Sunday, 7 November 2010


Picked up a real bargain the other week. A 3 CD set of Dexter Gordon tunes for £5 (including P&P).
Now. I've been a bit of a Dexter "fan" for a good while. Pretty much since I got into jazz to be honest, and certainly the first CD I picked up was one of his Blue Note albums.
Anyway. This "box set" (actually it's a gate fold sleeve - but lets not quibble) is all stuff culled from his discs on Prestige, Jazzland and Galaxy Recordings, and is billed as being stuff from 1950-1977.
Now, the "1950-1977" part is slightly misleading as out of the 25 tunes presented, only 3 are pre 1969.
What the collection mostly represents is the later years that Dexter spent living in Europe as well as the very early stuff after his return to the states in 1976.
This has opened my eyes (ears?) to quite a "gap" in the stuff that I already had in my collection. I already had quite a lot of his early bebop stuff from the 40's, all of his Blue Note output and quite a bit of his later work that came out about the time of the movie "Round Midnight".

Long Tall Dexter

A few years ago I was given an "evaluation" copy of a CD by the George Cables Trio of music by, and made famous by Dexter (George and his trio accompanied Dexter on many of his later recordings). It was such a good CD that I salved my conscience by replacing the "evaluation" copy with a ligit' one at the first opportunity. Anyway,  on that album the trio do a wonderful version of "Polka Dots and Moonbeams". Before they start playing Cables very slowly and in a drawn out lazy sounding voice recites the first few lines of the lyrics.... "a country dance was being held in a garden... I felt a bump, and 'Oh. I beg your pardon'. Suddenly it seemed that polka dots and moonbeams.....". In the sleeve notes Cables says how this is how Dexter would introduce many songs when giving live performances. He would "speak" the opening few lines of a tune in that low, quiet, alcohol and nicotine marinaded voice of his.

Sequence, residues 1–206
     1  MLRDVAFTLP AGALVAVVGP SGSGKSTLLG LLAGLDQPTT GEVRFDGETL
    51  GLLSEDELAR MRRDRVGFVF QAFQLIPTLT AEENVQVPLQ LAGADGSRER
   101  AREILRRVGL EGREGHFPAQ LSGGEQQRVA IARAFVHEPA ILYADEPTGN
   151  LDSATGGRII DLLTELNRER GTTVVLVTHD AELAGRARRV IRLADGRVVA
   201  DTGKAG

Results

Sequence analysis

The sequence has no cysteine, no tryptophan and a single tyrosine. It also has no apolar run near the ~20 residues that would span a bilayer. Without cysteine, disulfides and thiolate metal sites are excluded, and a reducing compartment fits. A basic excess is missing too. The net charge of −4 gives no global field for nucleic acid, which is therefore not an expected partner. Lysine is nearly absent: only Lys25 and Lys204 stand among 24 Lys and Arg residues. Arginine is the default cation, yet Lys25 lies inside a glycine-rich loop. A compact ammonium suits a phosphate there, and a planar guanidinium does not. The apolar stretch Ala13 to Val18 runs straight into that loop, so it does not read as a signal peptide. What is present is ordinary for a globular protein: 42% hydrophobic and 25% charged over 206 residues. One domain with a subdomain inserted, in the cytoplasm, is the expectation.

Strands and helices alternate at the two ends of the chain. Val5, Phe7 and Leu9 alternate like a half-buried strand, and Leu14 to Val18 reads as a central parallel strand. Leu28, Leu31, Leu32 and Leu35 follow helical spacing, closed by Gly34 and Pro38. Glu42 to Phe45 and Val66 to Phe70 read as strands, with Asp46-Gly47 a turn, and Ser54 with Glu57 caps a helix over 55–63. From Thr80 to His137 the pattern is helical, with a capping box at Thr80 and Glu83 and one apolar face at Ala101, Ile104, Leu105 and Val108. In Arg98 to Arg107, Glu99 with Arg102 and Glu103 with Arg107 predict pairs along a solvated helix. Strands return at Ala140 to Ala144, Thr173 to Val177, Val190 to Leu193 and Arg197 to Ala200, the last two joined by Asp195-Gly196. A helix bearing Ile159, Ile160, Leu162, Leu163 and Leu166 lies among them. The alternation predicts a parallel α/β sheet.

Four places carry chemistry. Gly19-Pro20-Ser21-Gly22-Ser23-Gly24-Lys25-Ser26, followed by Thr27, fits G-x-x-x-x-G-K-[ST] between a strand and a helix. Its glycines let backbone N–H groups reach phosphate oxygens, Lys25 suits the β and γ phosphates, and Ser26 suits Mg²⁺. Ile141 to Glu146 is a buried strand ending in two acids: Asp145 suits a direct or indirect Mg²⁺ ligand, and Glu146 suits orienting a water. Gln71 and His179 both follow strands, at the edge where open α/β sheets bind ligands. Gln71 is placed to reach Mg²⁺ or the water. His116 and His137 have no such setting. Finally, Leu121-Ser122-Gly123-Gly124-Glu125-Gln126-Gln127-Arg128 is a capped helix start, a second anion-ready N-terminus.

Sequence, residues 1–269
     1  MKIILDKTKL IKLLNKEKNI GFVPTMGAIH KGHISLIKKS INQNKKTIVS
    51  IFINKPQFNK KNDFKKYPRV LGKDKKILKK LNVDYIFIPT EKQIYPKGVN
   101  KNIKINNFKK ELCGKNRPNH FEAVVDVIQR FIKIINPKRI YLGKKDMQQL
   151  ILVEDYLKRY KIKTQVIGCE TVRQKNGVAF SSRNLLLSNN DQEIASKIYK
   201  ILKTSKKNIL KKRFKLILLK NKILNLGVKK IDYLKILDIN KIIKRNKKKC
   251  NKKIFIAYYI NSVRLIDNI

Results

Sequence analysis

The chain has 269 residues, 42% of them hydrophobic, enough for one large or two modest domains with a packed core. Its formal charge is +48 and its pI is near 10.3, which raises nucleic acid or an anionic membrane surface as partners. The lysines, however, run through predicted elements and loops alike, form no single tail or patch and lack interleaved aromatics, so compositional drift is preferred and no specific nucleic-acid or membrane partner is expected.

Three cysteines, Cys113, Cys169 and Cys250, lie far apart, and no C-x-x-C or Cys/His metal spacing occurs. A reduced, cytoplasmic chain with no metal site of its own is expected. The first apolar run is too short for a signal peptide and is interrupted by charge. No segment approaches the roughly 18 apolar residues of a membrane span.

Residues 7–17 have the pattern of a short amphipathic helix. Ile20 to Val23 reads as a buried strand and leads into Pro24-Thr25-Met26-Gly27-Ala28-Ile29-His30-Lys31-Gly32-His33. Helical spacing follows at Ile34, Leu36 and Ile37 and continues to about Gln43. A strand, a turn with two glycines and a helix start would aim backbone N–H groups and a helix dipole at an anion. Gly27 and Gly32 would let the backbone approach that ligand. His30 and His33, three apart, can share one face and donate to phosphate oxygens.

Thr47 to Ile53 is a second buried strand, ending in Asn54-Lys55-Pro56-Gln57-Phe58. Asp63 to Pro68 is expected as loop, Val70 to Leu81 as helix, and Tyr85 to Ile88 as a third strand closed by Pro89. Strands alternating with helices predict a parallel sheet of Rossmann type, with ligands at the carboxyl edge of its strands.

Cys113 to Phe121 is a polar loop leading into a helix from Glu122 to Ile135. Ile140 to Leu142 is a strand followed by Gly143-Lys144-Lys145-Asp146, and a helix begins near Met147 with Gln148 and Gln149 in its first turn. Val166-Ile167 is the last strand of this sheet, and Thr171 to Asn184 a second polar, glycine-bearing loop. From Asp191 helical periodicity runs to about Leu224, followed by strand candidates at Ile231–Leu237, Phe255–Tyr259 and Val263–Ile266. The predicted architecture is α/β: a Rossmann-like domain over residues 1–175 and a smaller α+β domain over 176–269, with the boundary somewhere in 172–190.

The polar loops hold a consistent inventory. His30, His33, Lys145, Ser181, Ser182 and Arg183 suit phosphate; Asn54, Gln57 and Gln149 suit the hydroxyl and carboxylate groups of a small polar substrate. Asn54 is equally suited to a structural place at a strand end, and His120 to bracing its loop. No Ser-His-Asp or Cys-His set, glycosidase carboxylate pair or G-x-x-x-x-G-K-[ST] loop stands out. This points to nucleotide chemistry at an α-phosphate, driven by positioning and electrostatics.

It's always been a favourite of mine, so I was delighted that a "live" ten and a half minute version is on this CD set.
Beautiful stuff.

Years ago I had a photograph of Dexter. It was one that had been taken in the early 60's in London. In the picture he looks every bit the 60's jazz musician - short hair, sharp suit and the obligatory cigarette. But he's standing with one foot up on a stand having his shoes shined with a look of incredible joy on his face. Which given that, at that time, in his own country, the thought of an African American having his shoes shined by a white man, would have been almost unthinkable, isn't too surprising.
I always liked that photo but lost it about 12 years ago in a house move.
So yesterday acquiring another copy really made my day. Sadly the source that I acquired it from has asked me not to publish or share it... so I wont.

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